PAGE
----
Narcissistic admiration and rivalry might not have a significant impact on the mental health of romantic partners, according to new research published in the Journal of Social and Personal Relationships.
Narcissistic admiration is characterized by grandiosity and charmingness, while narcissistic rivalry is characterized by aggressiveness and asserting supremacy. People high in narcissistic admiration tend to agree with statements such as “I deserve to be seen as a great personality,” while those high in narcissistic rivalry tend to agree with statements such as “Other people are worth nothing.”
“The concept of grandiose narcissism as not only a type of personality disorder but a two-dimensional personality trait continuum (with the Narcissistic Personality Disorder as its extreme manifestation) has been increasingly studied in recent years, with a focus on individuals,” explained study author Leopold Maria Lautenbacher, who received a Master of Science degree in Psychology from Freie Universität Berlin, where he conducted the research.
“However, those most affected by it may actually be the people surrounding the (more or less) narcissistic individual, as the behavioral patterns that characterize narcissism are mostly directed at others and may cause suffering (e.g., aggressiveness and devaluation of others).”
The new study utilized data from the German Socio-Economic Panel Study, a nationally representative survey of households in Germany. The researchers focused on mixed-gender couples, where one partner identified as male and the other as female, living together in the same household, and who were both adults aged 18 years or older. These couples were given the Narcissistic Admiration and Rivalry Questionnaire and Short-Form Health Survey, which includes several items assessing general mental health.
The data “provided a unique opportunity to investigate” the links between narcissistic traits and mental health in the context of romantic relationships, Lautenbacher said.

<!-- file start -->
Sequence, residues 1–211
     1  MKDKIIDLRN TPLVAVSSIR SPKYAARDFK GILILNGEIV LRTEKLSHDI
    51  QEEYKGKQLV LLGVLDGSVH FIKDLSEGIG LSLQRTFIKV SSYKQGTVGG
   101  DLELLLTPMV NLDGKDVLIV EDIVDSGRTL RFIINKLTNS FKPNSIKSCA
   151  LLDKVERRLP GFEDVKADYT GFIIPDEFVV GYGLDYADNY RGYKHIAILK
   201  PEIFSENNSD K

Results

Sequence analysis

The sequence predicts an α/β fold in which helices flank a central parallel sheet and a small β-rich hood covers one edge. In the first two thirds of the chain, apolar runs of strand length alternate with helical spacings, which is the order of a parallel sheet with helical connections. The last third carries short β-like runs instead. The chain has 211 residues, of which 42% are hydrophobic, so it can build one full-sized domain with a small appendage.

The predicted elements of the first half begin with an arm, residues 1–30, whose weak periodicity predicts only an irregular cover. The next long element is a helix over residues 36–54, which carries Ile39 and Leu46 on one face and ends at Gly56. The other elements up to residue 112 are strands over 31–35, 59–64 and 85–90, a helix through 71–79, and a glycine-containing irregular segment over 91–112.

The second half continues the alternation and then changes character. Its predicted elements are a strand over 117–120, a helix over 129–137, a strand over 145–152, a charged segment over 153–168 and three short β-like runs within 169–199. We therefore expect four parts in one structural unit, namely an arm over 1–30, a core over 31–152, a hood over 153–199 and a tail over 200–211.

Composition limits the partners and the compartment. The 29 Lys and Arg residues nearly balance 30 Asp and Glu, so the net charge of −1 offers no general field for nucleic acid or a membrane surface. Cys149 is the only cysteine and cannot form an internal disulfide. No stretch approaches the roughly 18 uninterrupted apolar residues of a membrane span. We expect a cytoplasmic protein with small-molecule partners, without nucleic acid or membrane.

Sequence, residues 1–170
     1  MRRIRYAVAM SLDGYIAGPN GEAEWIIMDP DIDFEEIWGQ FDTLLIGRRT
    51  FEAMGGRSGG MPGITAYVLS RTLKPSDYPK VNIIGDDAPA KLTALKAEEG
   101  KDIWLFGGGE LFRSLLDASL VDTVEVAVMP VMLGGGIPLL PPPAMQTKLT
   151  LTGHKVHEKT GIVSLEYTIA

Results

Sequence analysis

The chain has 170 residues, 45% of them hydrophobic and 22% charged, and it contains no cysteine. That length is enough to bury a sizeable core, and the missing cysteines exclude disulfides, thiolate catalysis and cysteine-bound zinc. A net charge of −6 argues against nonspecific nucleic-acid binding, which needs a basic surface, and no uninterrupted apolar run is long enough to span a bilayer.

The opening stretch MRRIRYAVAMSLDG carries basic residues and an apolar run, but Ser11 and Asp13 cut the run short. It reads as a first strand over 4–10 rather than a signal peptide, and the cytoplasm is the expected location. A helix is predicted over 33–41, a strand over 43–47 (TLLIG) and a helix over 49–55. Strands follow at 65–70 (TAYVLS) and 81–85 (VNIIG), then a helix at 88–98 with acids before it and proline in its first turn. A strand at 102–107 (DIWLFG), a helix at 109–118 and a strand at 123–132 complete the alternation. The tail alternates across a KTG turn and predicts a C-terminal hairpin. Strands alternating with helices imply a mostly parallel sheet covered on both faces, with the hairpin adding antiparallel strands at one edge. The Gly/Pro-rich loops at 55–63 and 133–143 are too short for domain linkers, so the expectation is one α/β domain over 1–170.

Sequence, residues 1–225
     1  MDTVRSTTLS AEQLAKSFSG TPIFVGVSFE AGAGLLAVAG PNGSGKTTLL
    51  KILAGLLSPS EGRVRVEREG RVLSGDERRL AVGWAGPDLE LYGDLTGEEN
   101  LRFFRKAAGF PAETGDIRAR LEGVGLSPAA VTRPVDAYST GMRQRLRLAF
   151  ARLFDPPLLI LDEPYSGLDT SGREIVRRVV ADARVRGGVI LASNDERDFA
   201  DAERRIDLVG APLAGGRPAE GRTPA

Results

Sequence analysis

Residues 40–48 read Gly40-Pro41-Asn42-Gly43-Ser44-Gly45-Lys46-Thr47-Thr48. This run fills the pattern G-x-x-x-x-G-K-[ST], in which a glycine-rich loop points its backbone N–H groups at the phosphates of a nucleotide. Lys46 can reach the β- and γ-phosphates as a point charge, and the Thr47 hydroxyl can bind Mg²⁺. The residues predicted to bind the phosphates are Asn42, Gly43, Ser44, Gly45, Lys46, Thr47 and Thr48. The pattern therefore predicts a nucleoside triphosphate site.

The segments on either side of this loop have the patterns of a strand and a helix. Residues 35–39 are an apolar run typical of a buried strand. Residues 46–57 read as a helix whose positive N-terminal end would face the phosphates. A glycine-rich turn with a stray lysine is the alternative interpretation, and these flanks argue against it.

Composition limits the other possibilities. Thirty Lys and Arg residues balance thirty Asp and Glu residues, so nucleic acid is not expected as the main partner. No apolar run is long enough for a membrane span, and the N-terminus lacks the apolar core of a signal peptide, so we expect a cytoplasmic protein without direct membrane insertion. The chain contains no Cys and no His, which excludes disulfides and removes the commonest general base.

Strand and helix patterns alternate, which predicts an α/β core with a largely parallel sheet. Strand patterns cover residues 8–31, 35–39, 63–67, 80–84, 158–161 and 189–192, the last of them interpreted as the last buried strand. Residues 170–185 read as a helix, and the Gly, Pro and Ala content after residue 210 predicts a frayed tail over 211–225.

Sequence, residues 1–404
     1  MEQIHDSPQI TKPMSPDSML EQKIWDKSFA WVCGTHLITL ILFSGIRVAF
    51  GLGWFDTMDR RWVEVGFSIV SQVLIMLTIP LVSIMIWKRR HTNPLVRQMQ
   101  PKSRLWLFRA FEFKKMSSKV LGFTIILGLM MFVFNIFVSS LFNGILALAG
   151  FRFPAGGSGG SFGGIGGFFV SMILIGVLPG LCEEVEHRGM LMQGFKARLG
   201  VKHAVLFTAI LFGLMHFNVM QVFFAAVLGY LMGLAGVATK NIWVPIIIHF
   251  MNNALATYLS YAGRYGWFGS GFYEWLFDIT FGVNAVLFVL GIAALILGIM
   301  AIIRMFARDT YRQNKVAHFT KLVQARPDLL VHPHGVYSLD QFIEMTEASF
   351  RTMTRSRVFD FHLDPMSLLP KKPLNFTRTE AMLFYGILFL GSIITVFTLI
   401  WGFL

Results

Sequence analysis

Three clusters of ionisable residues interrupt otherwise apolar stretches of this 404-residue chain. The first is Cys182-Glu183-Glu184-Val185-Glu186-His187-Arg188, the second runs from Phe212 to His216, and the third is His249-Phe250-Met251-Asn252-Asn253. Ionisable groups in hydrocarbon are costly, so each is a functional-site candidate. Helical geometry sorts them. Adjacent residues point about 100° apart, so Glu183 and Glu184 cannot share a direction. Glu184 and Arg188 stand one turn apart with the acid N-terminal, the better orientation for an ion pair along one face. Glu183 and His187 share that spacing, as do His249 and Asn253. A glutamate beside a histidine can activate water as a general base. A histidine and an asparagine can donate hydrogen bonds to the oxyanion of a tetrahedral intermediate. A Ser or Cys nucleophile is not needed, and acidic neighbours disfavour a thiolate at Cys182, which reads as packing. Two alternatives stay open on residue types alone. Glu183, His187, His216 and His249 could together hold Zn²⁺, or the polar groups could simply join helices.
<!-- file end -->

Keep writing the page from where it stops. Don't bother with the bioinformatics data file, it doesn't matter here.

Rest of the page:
Couples who did not respond to any items of the two questionnaires were excluded from the current study. The inclusion criteria resulted in a sample of 7,438 mixed-gender couples. The average age of the male and female participants was 52 and 49 years, respectively.
Lautenbacher and his colleagues found that those with higher levels of narcissistic admiration tended to have better mental health, while those with higher levels of narcissistic rivalry tended to have worse mental health. These relationships were observed among both women and men. But the researchers failed to find evidence that narcissistic admiration or narcissistic rivalry were associated with the mental health outcomes of one’s partner.
“Having a rather narcissistic romantic partner does not have to automatically sound the death knell for your own mental health. We did not detect clear trends of worse (or better) mental health for individuals with increasingly narcissistic partners,” Lautenbacher told PsyPost. “However, keep in mind that we are not talking about Narcissistic Personality Disorder here – the results are restricted to non-pathological, interindividual differences in narcissism (i.e., we are all more or less narcissistic).”
“Furthermore, we only studied couples living together – individuals who are more vulnerable to the effects of a partner’s narcissism may avoid living together with the narcissistic partner or end the relationship in order to protect their own mental health.”
The researchers found some preliminary evidence that two of the Big Five personality traits — agreeableness and extraversion — played a role in the relationship between narcissistic traits and mental health.
“The lack of a clear link between someone’s narcissism and their partner’s mental health was surprising and did not support our hypotheses,” Lautenbacher explained. “Interestingly, further analyses suggested that extraversion and agreeableness, two of the Big Five personality traits, may play a crucial role in understanding the effects of narcissism on romantic partners, which warrants further research.”
As with all research, the study includes some limitations. For example, the study only analyzed data that was collected at a single point in time. To better understand the longitudinal relationship between variables, further research needs to be done over a longer period of time.
“Social desirability bias is an important caveat when investigating narcissism with self-report questionnaires, given that participants are asked to rate themselves concerning rather undesirable qualities,” Lautenbacher noted. “Another limitation was the use of short-form measures which are less precise than longer questionnaires. Further replication studies as well as longitudinal studies would be desirable to assess the robustness of our findings.”
“The terms ‘narcissism’ and ‘narcissist’ are widely and liberally used (e.g., on social media),” the researcher added. “I hope science outreach (like PsyPost) may foster a more nuanced understanding of this concept in the general public.”
The study, “Do narcissistic admiration and rivalry matter for the mental health of romantic partners? Insights from actor-partner interdependence models“, was authored by Leopold Maria Lautenbacher, Michael Eid, and David Richter.